Many observers have also predicted that the Biden Administration will re-establish a cybersecurity coordinator position within the White House.  The White House Office of Cybersecurity, established in 2009, was eliminated under the Trump Administration and the position’s responsibilities were largely shifted to the new Cybersecurity and Infrastructure Security Agency.  The Biden Administration will likely reinstate many of these responsibilities at the White House level.

Will we finally see federal privacy legislation and what impact would this development have in the area of litigation?

In terms of immediate priorities, dealing with the public health and economic crises brought about by the COVID pandemic is likely to dominate the initial years of the Biden Administration, but the resolution of these issues may lead to the enactment of related privacy legislation.

Efficiently controlling the spread of the virus has involved and will continue to involve tracking and tracing cases, which require data collection and processing activities that involve privacy risks.  During 2020, these risks caught the attention of Republicans and Democrats alike, which led a bill introduced by Republicans in the Senate (S. 3663 – The COVID-19 Consumer Data Protection Act of 2020) and a bill introduced by Democrats in the House (H.R. 6866 – The Public Health Emergency Privacy Act).  Although both bills remain pending, should control of the Senate switch during the next Congress, it is plausible that the bill introduced by the Democrats will receive renewed attention.  The interest in enacting privacy legislation as to COVID-related information is likely to resurface in 2021 and may lead to new requirements for both government entities and organizations in the private sector, including companies collecting employee health data and guest or visitor screening data.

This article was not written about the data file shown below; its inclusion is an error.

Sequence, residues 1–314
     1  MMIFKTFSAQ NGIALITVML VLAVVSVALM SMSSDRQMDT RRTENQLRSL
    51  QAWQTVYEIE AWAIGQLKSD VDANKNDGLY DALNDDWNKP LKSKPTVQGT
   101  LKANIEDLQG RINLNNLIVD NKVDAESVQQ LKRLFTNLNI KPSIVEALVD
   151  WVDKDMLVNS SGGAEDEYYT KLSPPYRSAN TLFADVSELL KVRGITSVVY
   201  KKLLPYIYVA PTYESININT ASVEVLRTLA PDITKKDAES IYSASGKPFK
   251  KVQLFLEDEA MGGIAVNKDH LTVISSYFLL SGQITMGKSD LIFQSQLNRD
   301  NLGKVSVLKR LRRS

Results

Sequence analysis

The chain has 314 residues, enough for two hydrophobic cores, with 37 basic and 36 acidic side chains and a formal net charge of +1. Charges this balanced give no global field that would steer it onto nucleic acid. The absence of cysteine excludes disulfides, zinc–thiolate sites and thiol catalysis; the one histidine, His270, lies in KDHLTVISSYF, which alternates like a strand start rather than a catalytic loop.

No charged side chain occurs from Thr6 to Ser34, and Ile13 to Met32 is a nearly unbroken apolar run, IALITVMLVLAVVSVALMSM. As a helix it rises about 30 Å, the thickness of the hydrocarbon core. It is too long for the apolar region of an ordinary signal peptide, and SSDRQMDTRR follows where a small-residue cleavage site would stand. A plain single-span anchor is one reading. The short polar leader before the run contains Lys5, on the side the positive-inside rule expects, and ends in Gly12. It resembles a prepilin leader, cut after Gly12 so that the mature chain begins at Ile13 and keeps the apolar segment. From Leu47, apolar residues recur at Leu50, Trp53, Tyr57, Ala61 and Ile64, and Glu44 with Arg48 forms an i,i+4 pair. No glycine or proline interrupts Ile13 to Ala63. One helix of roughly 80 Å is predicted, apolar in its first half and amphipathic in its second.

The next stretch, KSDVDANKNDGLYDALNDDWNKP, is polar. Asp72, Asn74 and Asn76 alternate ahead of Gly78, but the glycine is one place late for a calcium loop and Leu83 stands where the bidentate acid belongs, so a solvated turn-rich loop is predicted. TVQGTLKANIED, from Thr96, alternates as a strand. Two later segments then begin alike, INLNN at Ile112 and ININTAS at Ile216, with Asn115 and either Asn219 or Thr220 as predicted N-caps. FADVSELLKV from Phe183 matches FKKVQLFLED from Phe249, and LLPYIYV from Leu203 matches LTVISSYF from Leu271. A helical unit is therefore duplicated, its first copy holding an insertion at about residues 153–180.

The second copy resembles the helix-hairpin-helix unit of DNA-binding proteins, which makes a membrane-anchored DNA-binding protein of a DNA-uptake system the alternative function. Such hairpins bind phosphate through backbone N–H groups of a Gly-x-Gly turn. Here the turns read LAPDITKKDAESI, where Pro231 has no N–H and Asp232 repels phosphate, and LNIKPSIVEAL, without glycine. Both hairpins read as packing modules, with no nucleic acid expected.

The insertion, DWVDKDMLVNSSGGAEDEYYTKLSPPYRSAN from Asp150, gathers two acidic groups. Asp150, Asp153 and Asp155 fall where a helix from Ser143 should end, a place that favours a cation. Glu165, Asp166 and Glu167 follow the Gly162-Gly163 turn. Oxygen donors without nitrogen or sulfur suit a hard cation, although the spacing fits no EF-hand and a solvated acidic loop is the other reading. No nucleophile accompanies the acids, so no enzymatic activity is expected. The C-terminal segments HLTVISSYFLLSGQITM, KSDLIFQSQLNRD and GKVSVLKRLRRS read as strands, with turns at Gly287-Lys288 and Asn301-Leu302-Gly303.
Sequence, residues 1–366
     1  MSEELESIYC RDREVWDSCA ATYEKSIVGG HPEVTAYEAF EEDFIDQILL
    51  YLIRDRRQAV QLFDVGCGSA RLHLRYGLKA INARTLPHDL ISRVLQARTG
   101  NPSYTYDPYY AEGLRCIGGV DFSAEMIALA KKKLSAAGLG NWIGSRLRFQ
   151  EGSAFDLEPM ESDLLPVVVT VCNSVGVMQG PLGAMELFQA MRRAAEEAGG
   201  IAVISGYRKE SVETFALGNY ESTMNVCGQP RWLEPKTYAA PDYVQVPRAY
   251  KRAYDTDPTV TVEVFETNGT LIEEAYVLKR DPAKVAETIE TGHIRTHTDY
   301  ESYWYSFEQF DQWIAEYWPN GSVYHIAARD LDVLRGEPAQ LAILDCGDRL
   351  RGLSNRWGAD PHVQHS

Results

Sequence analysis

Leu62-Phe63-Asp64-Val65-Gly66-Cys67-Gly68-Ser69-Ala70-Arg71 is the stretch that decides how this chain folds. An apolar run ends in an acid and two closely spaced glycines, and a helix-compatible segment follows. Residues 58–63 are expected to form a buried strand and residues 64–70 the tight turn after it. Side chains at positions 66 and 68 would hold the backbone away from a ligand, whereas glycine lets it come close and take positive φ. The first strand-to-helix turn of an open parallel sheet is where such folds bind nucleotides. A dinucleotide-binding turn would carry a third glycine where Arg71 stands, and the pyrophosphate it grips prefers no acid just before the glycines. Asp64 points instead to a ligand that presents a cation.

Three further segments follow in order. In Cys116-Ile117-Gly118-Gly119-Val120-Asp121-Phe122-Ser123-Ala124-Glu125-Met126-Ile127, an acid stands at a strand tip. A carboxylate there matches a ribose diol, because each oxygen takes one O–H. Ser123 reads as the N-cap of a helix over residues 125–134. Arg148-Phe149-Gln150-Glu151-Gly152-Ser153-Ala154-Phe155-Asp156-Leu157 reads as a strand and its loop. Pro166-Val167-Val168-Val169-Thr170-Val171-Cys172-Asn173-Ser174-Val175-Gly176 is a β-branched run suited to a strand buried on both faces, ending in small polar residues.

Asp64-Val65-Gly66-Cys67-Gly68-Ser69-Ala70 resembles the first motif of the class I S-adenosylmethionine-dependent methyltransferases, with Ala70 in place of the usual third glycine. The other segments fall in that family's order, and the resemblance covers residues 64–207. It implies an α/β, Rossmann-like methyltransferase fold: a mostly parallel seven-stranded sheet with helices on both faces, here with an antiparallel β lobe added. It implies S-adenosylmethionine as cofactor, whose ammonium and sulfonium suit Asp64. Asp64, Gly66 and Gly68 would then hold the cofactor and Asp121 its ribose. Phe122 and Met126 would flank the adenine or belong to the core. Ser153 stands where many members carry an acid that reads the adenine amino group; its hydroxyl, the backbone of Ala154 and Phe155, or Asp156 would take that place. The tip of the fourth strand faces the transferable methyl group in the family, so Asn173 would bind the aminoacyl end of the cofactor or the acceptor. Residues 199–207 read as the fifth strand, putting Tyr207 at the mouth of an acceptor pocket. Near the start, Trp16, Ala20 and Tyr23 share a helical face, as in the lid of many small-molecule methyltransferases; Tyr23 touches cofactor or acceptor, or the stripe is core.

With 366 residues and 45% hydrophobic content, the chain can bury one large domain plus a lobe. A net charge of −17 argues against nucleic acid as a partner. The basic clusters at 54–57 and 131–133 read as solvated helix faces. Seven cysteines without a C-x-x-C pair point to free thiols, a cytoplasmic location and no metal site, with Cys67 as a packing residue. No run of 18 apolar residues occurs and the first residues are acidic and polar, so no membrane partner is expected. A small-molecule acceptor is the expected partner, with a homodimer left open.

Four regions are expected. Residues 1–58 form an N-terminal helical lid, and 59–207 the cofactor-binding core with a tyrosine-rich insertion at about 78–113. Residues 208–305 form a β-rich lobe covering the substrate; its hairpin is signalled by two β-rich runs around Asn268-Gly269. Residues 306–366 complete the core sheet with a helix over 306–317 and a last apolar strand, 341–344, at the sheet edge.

Interest in privacy legislation has been steadily increasing at the federal level over the past few years.

In April 2020, the Congressional Research Service released a report that compared various consumer privacy bills introduced in Congress.  The report concluded that most of the bills follow similar approaches by: (1) recognizing individuals’ rights to control their personal information; (2) requiring a defined class of entities to take steps to respect those rights; and (3) creating procedures to enforce those requirements.  The three key differences focus on: (1) which federal agency would have enforcement power; (2) whether the federal legislation should preempt state privacy laws; and (3) whether the bills should provide a private right of action.

Following the April 2020 report and as the current Congress comes to a close, the Senate has taken steps that should put fresh privacy legislation on the agenda of the next Congress.  On September 23, 2020, the Committee on Commerce, Science and Transportation held a hearing entitled Revisiting the Need for Federal Data Privacy Legislation.  In anticipation of that meeting, on September 17, 2020, Republican senators introduced the Setting an American Framework to Ensure Data Access, Transparency, and Accountability (“SAFE DATA”) Act.  In parallel, the Democrats have introduced the Consumer Online Privacy Rights Act (“COPRA”).